Statute of Limitations/Repose

Arjmand v. Mirabelli, 2017 IL App (1st) 162225-U

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In this unpublished opinion, the First District affirmed the dismissal of a malpractice claim on statute of limitations grounds. The court rejected the plaintiff’s argument that defendants were equitably estopped from raising a statute of limitations defense because defendants told plaintiff that their strategy was correct finding that the defendants did not knowingly make any false representations. The court held that a trial court order vacating a marital settlement agreement damaged the malpractice plaintiff because it imposed costs of further litigation, even though the damages may have been speculative at that time. The court further held that the plaintiff knew of the injury when he received the order.

Arjmand v. Mirabelli, 2017 IL App (1st) 162225-U

(This is for informational purposes and is not legal advice.)

 

 

Barefoot Architect , Inc. v. Sabo & Zahn, 2017 IL App (1st) 162616-U

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In this unpublished opinion, the First District affirmed the dismissal of a legal malpractice claim on statute of limitations grounds and a breach of fiduciary duty claim resulting from a bankruptcy case where the plaintiff had hired attorneys other than the defendants to represent in those proceedings. The court held that, ordinarily, a cause of action for malpractice accrues when a court enters an adverse judgment against a malpractice plaintiff. Here, the statute of limitations had run even using the date the appellate court entered an adverse judgment against the plaintiff. The court held that the lawyers’ statements that the court had erred did not establish were insufficient to preclude application of the statute of limitations under theories of fraudulent concealment or equitable estoppel.

Barefoot Architect , Inc. v. Sabo & Zahn, 2017 IL App (1st) 162616-U

(This is for informational purposes and is not legal advice.)

Short v. Grayson

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The District Court for the Northern District of Illinois granted in part and denied in part motions to dismiss legal malpractice claims. The court dismissed the plaintiff’s claim that his attorneys committed malpractice by failing to bring derivative claims in the underlying action because the plaintiff had sold his stock in the relevant company before initiating the underlying litigation and, thus, lacked standing to bring any derivative claims on its behalf. The court further dismissed a claim that the plaintiff alleged should have been asserted against an individual because the statute of limitations on that claim had expired before the defendant attorney took over the underlying case for the plaintiff. The court denied the motion as to the plaintiff’s various other claims generally holding that the plaintiff had alleged sufficient facts to survive the motions to dismiss.

Short v. Grayson , No. 16 C 2150, 2017 WL 977001 (N.D. Ill. Mar. 14, 2017)

Hill v. Simmons

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In this unpublished opinion, the First District held that a complaint against a lawyer was properly dismissed as time-barred.   The court held that the plaintiff’s claims for fraud, aiding and abetting fraud, breach of fiduciary duty and conspiracy were properly subject to the two year attorney statute of limitations, and that the statute began to run when the plaintiff learned of the lawyer’s alleged misrepresentations.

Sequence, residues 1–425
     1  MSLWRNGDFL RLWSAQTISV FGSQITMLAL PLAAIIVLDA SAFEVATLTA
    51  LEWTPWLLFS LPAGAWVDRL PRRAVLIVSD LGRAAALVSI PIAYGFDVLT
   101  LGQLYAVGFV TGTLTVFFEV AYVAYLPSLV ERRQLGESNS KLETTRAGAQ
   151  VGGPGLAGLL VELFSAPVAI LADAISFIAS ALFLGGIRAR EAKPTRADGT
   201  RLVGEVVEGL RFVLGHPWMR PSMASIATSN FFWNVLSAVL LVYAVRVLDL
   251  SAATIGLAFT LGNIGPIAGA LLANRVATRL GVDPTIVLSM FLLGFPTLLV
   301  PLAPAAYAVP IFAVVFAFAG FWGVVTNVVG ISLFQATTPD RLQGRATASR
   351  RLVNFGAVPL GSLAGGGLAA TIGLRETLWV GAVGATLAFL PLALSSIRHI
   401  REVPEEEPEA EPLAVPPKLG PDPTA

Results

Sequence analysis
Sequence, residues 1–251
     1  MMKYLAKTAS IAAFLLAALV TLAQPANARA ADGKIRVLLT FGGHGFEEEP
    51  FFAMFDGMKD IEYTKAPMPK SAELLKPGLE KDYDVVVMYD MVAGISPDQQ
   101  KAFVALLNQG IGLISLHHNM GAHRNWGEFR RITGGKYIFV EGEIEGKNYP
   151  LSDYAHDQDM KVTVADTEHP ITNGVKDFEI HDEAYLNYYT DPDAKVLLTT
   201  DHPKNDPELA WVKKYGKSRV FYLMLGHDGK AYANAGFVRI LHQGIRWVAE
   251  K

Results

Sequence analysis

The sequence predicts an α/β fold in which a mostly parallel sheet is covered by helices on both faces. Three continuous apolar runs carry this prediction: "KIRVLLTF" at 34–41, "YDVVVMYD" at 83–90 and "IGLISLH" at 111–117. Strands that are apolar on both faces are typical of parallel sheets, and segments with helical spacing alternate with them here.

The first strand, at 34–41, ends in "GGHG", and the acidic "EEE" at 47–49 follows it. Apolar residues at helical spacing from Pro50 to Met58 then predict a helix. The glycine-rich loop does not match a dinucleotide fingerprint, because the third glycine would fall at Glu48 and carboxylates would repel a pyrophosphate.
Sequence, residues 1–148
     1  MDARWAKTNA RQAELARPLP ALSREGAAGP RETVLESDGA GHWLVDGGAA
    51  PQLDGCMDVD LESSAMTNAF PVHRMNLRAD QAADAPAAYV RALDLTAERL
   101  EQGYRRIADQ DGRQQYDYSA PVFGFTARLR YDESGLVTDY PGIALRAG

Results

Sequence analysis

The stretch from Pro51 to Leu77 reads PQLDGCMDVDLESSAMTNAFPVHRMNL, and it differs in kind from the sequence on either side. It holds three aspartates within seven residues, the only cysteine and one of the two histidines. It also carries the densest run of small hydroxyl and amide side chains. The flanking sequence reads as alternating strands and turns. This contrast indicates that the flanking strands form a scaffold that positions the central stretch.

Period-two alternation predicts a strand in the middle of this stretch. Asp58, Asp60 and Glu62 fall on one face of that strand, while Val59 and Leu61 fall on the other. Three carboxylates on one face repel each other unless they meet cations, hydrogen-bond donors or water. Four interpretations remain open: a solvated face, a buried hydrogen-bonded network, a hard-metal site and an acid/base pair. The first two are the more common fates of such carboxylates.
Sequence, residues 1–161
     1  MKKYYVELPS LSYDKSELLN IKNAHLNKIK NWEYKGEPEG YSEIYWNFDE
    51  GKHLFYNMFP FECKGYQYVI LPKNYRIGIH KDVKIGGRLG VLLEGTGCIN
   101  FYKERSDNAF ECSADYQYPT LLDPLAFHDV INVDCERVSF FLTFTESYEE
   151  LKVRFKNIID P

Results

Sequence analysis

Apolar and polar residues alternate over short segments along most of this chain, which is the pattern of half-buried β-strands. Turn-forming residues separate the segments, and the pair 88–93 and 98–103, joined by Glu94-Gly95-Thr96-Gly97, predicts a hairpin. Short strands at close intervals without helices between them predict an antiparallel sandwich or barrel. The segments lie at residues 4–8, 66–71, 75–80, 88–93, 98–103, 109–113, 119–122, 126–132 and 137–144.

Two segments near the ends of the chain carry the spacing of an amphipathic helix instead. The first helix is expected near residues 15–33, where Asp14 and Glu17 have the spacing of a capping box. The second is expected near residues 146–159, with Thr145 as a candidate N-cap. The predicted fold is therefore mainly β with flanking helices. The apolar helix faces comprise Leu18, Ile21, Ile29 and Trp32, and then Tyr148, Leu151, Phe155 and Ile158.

Hill v. Simmons, 2017 IL App (1st) 160577-U

(This is for informational purposes and is not legal advice.)

Recent Illinois Case: Webb v. Maclin

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In this unpublished opinion, the Fifth District reversed the grant of summary judgment in favor of the defendant on statute of limitations and statute of repose grounds.  The Appellate Court held that there was an issue of fact regarding when the plaintiff knew or should have known of the alleged wrong; therefore, summary judgment was inappropriate with respect to the statute of limitations.   The court also held that summary judgment was inappropriate on the statute of repose because there was an issue of fact as to when the defendant’s last act of negligence occurred.

Webb v. Maclin, 2016 IL App (5th) 150230-U

(This is for informational purposes and is not legal advice.)

 

Recent Illinois Case: Terra Foundation for American Art v. DLA Piper LLP

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The First District affirmed the dismissal of a legal malpractice case on statute of repose grounds.  The court held that, in both transactional and litigation malpractice cases, the statute of repose begins to run when the event giving rise to the malpractice claim occurs, regardless of whether an injury has occurred or been recognized.  The court rejected the argument that the statute does not begin to run in transactional malpractice cases until the last act of representation.

Terra Foundation for American Art v. DLA Piper LLP, 2016 IL App (1st) 153285.

(This is for informational purposes and is not legal advice.)

Recent Illinois Case: Harmata v. Scott & Kraus LLC

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In this unpublished opinion, the First District affirmed the dismissal of a legal malpractice claim on statute of repose grounds.   The court noted that the statute of repose is not tolled by the discovery rule and begins to run when the event giving rise to the claim occurs, regardless of whether the plaintiff’s injury has been realized.   The court also held that the attorneys did not waive or forfeit  their statute of repose defense when they asserted an attorney’s lien after the expiration of the repose period.

Harmata v. Scott & Kraus LLC, 2016 IL App (1st) 152359-U

(This is for informational purposes and is not legal advice.)